Reading Lolita in Tehran.
In Austin, I had a book club, and the month before I joined, they read Reading Lolita in Tehran. It was a book that was on my list to read and so I was bummed to have missed it, but somehow I never got back to reading the book until now. And boy, is it good timing with the demonstrations in Iran.
This book was so much more than I expected it to be: amazingly well-written, insightful about literature, and illuminating about the change in power in Iran in the early ’80s and the subsequent eight year war with Iraq. Reading it now gave me a much needed understanding of the history of the last twenty years of politics in Iran from an English literature professor’s perspective- as well as a woman’s.
I loved this book on many levels. I found the writing beautiful, insightful, simple and emotional without being tear-jerking. I found it fascinating to read what Nafisi’s book club of students thought of the authors and works they were reading, as well as what their thoughts were of Western culture, and the themes the girls pointed out in the works that might have never occurred to people who were not oppressed. (I was also relieved that Nafisi’s students were smart enough they believed Humphrey Humbert to be an unreliable narrator and did not accuse Lola of seducing him in Lolita, as one of my classmates once did.)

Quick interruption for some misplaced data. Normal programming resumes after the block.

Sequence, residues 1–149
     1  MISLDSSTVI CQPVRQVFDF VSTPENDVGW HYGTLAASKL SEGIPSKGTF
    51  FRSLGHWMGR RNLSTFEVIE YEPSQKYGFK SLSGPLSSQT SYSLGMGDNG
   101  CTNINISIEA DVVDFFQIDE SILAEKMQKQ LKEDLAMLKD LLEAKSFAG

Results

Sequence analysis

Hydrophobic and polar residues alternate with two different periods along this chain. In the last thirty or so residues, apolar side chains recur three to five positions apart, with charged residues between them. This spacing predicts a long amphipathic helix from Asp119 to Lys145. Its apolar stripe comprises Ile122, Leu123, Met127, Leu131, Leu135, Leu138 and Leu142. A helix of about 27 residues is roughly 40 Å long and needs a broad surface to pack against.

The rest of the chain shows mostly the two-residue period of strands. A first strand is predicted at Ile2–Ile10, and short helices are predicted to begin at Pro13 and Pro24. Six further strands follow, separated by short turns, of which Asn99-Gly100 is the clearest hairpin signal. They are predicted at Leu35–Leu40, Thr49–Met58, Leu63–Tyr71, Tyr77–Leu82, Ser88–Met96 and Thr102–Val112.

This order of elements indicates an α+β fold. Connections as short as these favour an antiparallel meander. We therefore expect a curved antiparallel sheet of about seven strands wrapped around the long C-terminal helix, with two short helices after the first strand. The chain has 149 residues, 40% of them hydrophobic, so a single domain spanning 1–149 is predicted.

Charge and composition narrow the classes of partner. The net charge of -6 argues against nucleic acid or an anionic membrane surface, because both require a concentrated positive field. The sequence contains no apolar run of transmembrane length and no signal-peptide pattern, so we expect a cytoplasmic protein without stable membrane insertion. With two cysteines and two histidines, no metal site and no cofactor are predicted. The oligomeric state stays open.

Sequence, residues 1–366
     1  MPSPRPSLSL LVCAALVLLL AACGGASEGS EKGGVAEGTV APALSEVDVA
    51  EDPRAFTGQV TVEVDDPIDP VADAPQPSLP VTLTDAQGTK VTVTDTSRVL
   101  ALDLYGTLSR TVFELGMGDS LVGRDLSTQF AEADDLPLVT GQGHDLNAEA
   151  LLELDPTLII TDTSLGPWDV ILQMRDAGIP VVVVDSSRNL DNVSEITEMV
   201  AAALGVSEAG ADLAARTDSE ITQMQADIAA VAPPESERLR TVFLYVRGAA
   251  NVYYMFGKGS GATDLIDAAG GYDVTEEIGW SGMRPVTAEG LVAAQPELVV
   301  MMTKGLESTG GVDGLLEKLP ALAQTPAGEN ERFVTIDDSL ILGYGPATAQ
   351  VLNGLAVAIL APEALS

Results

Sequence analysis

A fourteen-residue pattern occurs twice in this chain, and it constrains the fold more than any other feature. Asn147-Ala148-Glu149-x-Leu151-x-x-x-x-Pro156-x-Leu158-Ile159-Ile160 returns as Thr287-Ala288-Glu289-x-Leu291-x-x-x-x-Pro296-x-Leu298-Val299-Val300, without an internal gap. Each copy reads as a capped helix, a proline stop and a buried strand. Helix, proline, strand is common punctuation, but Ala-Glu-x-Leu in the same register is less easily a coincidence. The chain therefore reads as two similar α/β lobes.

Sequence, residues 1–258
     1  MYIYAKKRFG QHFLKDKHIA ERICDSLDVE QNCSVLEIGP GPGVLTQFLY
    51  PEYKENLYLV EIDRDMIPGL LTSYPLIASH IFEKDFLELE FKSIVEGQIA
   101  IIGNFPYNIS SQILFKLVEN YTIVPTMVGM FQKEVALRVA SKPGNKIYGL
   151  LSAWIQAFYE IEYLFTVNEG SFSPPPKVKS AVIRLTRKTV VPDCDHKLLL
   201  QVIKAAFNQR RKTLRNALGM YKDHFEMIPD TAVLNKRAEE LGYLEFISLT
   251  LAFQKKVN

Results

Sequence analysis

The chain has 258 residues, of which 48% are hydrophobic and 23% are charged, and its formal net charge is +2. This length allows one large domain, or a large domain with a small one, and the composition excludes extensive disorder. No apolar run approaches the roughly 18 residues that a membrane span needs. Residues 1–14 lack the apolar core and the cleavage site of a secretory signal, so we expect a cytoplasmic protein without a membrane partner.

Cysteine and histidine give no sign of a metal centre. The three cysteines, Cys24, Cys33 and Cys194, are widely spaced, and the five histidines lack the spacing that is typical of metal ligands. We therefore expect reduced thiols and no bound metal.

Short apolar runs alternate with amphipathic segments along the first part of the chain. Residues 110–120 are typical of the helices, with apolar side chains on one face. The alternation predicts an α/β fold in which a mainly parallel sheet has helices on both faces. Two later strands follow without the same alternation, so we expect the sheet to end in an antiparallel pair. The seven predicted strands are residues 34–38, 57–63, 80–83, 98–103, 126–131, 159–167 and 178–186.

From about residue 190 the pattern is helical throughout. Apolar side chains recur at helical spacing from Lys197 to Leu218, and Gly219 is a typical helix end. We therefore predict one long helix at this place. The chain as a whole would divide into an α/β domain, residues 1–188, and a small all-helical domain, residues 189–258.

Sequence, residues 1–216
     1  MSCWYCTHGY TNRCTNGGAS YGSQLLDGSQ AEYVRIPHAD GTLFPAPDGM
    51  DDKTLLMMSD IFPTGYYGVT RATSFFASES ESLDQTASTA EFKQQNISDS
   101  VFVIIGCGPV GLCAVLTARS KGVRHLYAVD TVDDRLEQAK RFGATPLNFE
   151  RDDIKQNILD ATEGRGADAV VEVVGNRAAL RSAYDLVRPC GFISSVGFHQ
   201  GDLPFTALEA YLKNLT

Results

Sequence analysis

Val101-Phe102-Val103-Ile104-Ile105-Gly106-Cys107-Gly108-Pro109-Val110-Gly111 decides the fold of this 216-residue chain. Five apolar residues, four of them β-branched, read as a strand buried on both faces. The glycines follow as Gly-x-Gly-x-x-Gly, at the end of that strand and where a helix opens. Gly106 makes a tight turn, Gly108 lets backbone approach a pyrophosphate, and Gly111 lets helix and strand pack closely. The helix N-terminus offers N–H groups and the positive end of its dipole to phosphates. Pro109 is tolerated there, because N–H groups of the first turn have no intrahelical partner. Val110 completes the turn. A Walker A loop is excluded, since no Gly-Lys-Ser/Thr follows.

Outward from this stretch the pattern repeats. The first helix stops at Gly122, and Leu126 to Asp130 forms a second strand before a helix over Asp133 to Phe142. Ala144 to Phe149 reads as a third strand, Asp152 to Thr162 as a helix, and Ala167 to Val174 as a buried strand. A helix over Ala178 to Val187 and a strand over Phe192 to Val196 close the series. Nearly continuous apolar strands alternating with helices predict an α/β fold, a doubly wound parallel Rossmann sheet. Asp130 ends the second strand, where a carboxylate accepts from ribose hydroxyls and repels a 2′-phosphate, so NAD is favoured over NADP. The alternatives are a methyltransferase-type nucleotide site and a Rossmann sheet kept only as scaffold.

I underlined much more than I thought I was going to with this memoir, and at one point resorted to using post-it flags to mark entire pages I wanted to refer back to. Needless to say, I gave this book 5 stars on GoodReads, and I’m sending a copy to Sonika in her next box o’ books.
A paragraph to keep you, regarding Washington Square by Henry James:
Thus, Dr. Sloper commits the most unforgivable crime in fiction — blindness. Pity is the password, says the poet John Shade in Nabokov’s Pale Fire. This respect for others, empathy, lies at the heart of the novel. It is the quality that links Austen to Flaubert and James to Nabokov and Bellow. This, I believe, is how the villain in modern fiction is born: a creature without compassion, without empathy. The personalized version of good and evil usurps and individualizes the more archetypal concepts, such as courage or heroism, that shaped the epic or romance. A hero becomes one who safeguards his or her individual integrity at almost any cost.